The composition role is therefore not limited to only a few obvious milestones identified in the text. On a closer look, some characters may require a stage composition based on external elements, even if this problem is not apparent. Yet we must not misunderstand things and come to the conclusion that all roles, following a deep psychological analysis, become composition roles. If we agree that the construction of a character involves many elements pertaining to externalization, we must consider the cases where such suggestions originate from the director. Some directors claim scenic effects from the actors, sometimes contradicting the natural line of the character created by the author, maybe even completely modifying its construction. How reprehensible, however, is the acting effect? Has it only arisen from a desire to simulate virtuosity?
The term “effect” in composition can be accepted in the sense of the element helping to achieve the contrasts indispensable to the stage creation, about which Michael Chekhov speaks in To the Actor. He confers to it a broader acceptance.
Solutions not related to elementary normality can give the actor an unbearable sense of awkwardness, inevitably leading to effort. This effort will not go unnoticed by the spectator. And the spectator, almost always without hesitation, gives a negative verdict to such a performance.
And yet, visible manifestations that seem to be chaotic can be lived from the inside, which averts effort in interpretation and artificiality. The actor can avoid some clumsiness in emotions, clumsiness that is spoken about by Dario Fo, among others.
The Republic of Estonia celebrated the 100th anniversary of its independence on February 24, 2018. The celebration marked a significant milestone for Estonians and, as a way of recognizing this, the Estonian government implemented different marketing and participatory strategies for involving individuals and organizations to take part in the celebration. As such, individuals and organizations were invited to create special gifts for Estonia and its citizens. These gifts could be in the form of tangible presents or in the form of special events and cultural programs. The official gifts were marked by the official Estonia 100 (in the Estonian language: EV100) logo. One such gift to the Estonian population were a number of audiovisual productions that were enabled through special funding from the Estonian government, managed by the Estonian Film Institute. These productions included, besides 40 short documentaries about young Estonian inventors, one animation, six feature films, two documentaries and a TV drama series (EV100 2019a).1 This paper reports a study that explored the impact of the Estonia 100 brand on the production, marketing and consumption of these films and the TV series.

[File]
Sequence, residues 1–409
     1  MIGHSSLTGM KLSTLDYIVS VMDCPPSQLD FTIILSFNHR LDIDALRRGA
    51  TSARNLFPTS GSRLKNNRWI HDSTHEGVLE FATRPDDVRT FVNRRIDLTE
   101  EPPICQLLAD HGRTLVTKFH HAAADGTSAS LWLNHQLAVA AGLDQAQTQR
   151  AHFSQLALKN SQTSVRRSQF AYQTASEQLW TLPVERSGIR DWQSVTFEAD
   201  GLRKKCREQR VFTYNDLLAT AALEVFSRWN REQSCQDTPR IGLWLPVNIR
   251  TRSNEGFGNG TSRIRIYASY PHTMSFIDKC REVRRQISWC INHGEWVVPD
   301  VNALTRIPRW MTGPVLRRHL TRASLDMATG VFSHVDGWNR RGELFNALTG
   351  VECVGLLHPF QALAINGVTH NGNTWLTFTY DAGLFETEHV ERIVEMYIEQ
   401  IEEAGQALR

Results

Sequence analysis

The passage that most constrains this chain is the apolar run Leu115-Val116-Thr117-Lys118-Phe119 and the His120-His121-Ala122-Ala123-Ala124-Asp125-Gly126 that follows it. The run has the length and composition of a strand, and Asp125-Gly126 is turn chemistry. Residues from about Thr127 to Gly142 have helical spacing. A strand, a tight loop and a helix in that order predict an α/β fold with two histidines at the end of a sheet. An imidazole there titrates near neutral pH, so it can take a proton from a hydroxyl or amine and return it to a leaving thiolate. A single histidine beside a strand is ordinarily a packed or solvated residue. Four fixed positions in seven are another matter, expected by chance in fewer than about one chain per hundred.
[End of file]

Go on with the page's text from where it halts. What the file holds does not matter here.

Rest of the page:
One of the issues theatre must deal with when approaching the topic of genocide is representation. How can theatre, an art of mimesis, represent extreme violence, absolute evil? What can be shown, so as to honour the memory of the victims and at the same time convey the idea of radical evil? At the turn of the 21st century, two playwrights, Enzo Cormann (France) and Juan Mayorga (Spain) approached the issue of the Holocaust through memory. In Toujours l’orage [Always the Storm](1997) and respectively Himmelweg [Way to heaven] (2002) the protagonists revisit, after several decades, the traumatic events of 1944, when they witnessed or participated in the perversion of life and theatre by the Nazi. This paper will analyse the modalities of the memorial mechanism, among which the metatheatrical devices facilitating the representation of the traumatic event.
The need to re-structure established media systems needs to be acknowledged. In a situation where new services will be provided by different actors of the digital economy, the role of public service media (PSM) requires attention. If, generally, PSM are under pressure in Europe, the situation in small national markets is even more complicated. PSM are under pressure and also need to find ways to reformulate their role in society and culture. Broad discussions and new agreements between politicians, citizens and the media industry are necessary to change this situation. We will approach the question of whether a specific gap still exists in the media market that can be filled by PSM? The article will seek these answers based on various survey data and collected statistics in Estonia.
Ever since the prehistoric age, people have been endowing some objects with symbolic status and, by animating them, they have turned them into means of communicating profound truths about man and life. The need to communicate led to conceiving a system of representation through which exterior forms of expression were created and assumed, a particular way of making the invisible visible.